Now, be careful because some employers do have policies about discussing your salary, bonuses, and benefits with co-workers. You don’t want to get yourself in trouble or risk losing your job for a conversation! Just be aware of who you’re talking to and be open in those conversations. If you’re considering changing fields, ask about salary. If someone is asking you about your profession because they are considering changing careers, offer information about what you do and what you earn. It helps everyone understand reasonable expectations.
You should earn $X before starting to invest
NO. Just…NO. I cannot deal with this one. I actually had a co-worker (a Jr. hire who was 24 years old) tell me he really wanted to start building an investment portfolio but he had been told to wait until he was earning at least $50,000 per year before doing that. I swear, I think my jaw dropped and hit the floor. There are so many things wrong with that, like:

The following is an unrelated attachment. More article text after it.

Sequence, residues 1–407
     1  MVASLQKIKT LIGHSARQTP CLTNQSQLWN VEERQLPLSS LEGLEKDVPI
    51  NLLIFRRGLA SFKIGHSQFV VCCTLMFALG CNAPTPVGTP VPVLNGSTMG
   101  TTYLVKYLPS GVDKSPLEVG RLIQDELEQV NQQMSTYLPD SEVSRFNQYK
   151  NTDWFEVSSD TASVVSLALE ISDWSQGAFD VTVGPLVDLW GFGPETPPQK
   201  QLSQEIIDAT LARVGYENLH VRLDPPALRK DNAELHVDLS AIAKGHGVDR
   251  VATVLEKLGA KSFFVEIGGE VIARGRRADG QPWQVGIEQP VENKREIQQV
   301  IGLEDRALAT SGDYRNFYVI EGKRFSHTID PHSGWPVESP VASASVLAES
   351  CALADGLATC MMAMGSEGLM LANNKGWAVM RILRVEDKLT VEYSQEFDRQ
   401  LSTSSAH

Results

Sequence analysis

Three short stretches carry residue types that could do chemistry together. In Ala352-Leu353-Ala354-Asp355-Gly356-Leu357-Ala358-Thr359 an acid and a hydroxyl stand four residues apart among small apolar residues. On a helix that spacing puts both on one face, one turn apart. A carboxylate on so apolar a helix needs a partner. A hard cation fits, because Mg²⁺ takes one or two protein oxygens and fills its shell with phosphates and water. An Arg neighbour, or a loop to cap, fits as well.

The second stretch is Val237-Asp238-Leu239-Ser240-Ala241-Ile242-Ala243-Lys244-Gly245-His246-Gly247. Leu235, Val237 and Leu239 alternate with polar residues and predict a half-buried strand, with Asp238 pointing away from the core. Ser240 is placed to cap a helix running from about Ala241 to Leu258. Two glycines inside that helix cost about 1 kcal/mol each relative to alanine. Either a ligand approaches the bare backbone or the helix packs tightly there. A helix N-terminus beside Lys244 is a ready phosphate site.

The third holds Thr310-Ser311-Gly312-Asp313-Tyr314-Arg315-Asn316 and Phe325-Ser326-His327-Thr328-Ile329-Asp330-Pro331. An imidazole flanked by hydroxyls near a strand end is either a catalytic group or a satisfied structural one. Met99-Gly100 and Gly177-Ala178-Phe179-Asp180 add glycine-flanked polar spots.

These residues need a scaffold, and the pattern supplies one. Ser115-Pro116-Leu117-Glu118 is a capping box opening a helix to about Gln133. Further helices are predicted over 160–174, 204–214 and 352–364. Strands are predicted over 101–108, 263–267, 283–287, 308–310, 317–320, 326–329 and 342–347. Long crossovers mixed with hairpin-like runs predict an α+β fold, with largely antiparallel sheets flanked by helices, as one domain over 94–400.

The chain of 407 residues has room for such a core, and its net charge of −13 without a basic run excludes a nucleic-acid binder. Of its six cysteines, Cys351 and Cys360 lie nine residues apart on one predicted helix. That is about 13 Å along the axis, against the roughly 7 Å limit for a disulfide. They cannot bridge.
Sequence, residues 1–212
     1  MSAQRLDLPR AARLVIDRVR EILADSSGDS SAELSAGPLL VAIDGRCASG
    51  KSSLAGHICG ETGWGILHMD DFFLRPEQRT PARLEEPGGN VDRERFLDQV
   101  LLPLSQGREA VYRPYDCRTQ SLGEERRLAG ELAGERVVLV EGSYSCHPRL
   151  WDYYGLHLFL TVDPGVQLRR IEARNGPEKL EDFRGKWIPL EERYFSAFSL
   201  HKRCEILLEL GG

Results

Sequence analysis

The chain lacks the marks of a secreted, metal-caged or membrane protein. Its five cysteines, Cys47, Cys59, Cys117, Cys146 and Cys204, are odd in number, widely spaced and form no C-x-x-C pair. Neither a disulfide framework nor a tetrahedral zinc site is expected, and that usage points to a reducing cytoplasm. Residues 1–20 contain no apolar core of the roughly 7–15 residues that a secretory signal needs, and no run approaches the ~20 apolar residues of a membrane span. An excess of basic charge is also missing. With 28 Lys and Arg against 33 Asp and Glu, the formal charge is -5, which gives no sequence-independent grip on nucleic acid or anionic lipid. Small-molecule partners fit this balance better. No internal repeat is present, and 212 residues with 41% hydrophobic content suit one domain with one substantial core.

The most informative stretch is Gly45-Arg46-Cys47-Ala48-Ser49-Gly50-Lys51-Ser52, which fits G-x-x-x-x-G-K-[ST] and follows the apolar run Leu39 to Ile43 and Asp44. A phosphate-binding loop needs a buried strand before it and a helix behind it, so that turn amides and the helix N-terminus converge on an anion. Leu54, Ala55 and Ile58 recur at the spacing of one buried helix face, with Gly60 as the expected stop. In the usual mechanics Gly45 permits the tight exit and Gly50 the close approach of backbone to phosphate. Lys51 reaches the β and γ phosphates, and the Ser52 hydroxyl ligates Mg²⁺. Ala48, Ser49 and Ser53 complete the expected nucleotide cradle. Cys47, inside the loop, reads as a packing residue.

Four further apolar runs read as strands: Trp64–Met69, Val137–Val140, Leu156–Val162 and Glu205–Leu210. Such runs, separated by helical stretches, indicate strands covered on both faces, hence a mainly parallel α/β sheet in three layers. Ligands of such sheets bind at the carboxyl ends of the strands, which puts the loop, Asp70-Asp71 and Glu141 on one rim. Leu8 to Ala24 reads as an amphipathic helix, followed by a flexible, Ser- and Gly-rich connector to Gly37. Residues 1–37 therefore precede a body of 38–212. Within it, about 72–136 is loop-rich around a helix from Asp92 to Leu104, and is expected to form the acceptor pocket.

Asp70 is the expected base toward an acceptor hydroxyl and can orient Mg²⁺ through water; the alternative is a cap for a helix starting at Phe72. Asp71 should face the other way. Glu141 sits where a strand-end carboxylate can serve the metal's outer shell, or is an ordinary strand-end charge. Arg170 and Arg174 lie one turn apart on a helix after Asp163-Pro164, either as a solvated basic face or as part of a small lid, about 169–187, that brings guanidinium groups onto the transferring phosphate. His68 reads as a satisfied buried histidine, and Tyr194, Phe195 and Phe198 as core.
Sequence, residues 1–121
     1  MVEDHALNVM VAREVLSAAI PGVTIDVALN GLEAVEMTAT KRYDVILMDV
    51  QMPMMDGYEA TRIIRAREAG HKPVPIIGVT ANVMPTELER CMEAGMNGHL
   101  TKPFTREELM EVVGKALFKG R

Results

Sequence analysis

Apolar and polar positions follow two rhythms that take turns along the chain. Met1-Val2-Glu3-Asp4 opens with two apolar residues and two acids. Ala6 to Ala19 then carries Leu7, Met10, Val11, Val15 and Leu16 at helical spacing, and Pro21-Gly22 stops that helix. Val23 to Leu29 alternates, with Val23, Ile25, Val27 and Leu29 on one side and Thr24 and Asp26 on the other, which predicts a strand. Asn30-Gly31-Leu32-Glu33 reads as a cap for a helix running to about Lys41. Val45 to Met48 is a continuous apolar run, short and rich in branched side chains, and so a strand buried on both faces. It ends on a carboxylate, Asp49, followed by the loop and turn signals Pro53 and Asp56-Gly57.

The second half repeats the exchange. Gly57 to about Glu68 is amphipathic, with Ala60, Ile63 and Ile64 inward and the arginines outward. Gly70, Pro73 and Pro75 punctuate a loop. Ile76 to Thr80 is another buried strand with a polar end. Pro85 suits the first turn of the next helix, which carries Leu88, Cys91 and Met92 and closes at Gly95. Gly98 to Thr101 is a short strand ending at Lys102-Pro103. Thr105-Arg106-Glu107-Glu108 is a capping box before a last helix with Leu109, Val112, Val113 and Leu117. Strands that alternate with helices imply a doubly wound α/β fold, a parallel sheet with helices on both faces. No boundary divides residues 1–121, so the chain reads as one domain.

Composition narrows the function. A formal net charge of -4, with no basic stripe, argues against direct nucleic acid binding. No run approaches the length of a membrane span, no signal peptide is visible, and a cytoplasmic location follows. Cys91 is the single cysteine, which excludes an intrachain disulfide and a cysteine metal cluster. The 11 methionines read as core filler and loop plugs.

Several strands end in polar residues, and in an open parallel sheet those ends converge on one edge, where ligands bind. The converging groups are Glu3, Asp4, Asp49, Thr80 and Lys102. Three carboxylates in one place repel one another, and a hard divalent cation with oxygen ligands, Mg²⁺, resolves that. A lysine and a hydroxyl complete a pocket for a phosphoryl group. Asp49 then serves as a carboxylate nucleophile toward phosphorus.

- A lot of people go their entire lives without earning $50,000 per year
- There’s no magic number before you begin investing
- It’s never too early to start
I told him to get on the phone asap with a financial advisor and explain his position. At all times you should be budgeting to save at least 10% of your income. If you’re able to set aside even 3% of that for investments you’re ahead of the curve. As you invest more each month, you’ll watch your money grow. Sure, you’ll have to start out small with cheap stocks or a short term CD but it’s better than sitting there doing nothing.
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Don’t use credit cards